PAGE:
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Thanks for the info

I also contacted Racetech for a price.

I recvd a quote of $1100 for new springs front and back and a bunch of other stuff...

I am a little more used to my old KLR and its prices... I may just have to lose some weight!!!
 

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I went through that on my 07 ABS bike but I was putting in a new shock and said screw it and wrapped a towel around the hydraulic line and cut it! It is really tight for sure.
 

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I bent the plastics a lot to get the stock shock off my '07.
 

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Discussion Starter #9 (Edited)
Got the job done—here's a recap/review.

First, to the question of is replacing ONLY the rear spring worthwhile? The answer is an absolute YES! On my first ride with the new spring, I immediately noticed a difference...and it was all good.

Though it's somewhat cliche...the bike absolutely felt more planted, more stable, and smoother over bumps (less rear-end pogoing). It didn't feel at all harsh or too stiff. I still need to take it out for a longer ride in the twisties...and I can't wait to ride it 2-up, where I know it'll be a MAJOR improvement.

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As often is the case, getting the preload adjuster back into place (around the ABS box) was a LOT easier than getting it out—mainly because I knew what I was dealing with and knew exactly where/how to push/pull/bend/maneuver.

For the record, I removed ALL screws holding the ABS box in place (one on either side and two on the slanting steel bracket in front)—I think this was crucial. because removing all the screws lets you push the whole ABS box toward the rider's left side of the bike to make room to wiggle the adjuster through. In my case, it helped to have a friend on the other side of the bike pulling the ABS box out of the way while I maneuvered the preload adjuster through. Getting the 2 screws back into the slanted bracket was a pain...but not too bad (just required aligning the bracket and the whole carefully, then patiently getting the screw threaded with fingertips).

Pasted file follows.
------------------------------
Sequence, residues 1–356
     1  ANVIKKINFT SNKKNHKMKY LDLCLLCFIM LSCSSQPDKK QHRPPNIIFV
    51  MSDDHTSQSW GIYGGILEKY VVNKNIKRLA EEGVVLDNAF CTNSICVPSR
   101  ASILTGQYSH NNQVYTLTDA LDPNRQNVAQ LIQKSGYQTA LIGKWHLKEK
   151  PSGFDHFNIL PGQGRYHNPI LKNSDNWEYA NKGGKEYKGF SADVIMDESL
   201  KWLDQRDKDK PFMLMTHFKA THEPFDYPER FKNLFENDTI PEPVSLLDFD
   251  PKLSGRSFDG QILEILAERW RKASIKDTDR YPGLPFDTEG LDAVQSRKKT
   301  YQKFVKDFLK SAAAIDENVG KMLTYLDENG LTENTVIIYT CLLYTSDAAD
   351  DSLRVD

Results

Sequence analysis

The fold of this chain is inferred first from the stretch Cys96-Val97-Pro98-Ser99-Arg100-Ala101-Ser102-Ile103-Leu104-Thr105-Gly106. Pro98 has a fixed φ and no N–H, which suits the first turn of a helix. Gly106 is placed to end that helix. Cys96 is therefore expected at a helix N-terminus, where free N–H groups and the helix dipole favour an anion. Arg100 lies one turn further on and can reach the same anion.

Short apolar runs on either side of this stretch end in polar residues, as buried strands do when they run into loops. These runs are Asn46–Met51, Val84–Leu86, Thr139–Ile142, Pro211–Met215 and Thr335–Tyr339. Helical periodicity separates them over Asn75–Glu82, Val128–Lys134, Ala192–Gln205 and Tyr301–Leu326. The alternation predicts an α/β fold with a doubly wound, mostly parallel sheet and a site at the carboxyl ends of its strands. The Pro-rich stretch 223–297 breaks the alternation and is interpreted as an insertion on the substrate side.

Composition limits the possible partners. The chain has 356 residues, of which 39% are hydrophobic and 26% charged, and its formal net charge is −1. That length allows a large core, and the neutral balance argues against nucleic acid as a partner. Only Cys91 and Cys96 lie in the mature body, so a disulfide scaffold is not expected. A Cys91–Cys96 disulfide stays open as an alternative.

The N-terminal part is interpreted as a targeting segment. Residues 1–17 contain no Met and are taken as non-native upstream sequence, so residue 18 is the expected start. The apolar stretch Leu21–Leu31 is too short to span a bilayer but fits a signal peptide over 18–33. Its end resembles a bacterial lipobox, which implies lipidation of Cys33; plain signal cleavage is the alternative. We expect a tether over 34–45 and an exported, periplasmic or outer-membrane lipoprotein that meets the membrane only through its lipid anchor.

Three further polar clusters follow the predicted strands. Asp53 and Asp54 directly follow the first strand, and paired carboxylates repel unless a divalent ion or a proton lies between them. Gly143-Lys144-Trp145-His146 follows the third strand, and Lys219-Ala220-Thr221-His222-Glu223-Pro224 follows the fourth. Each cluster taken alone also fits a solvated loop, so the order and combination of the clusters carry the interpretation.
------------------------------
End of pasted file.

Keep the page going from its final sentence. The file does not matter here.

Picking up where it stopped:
As for compressing the shock springs...after running all over town to find that NOBODY could (or was willing to do it), I said "Eff it" and resorted to the ratcheting tiedown straps method. This worked like a charm! The trick is to use 4 of them. I only used 2 initially and couldn't get the spring compressed enough (the ratchets became damn hard to move)...but with 4 it was easy-peasy. (The hardest/most time-consuming part was just threading the straps through the spring and ratchets.)

The nice thing about this technique is that you can compress the new spring off the shock with the straps...then just slide it over the shock (then remove the straps).

NOTE: If you try this technique, one end of the strap needs to be attached to the bottom of the ratcheting mechanism. In other words, most tiedown straps—as they come from the store—need to be butchered, because they typically have a short segment of strap stitched to the bottom of the mechanism with a metal hook. So I just cut that short strap/hook piece off...cut shorter lengths of strap, and tied one end to the bottom of the mechanism using two half-hitches. That worked fine. (Yeah, I butchered my tiedown straps, but they can easily be re-rigged again.)


Here are some pics:







And again, for the record...I weigh 225lbs, and bought a 13.4kg/mm (750 in/lb) spring from Racetech. Though many say that's too stiff, I'm not finding that to be the case at all. (I haven't checked sag yet...but just eyeballing it, it looks darn close with no preload at all.)

Scott
 

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I changed springs on old BMW shocks years ago. I used some threaded rod and made some collars that went over the end of the springs. Very controlled compression with the nuts I put on top of the collars. I made a J shape of the threaded rod and used a hefty bolt through the shock eye to hook them on.
I still gots them hanging around the garage someplace. I should replace the stock spring since it's got 54K miles on it now and I drag the pegs occasionally.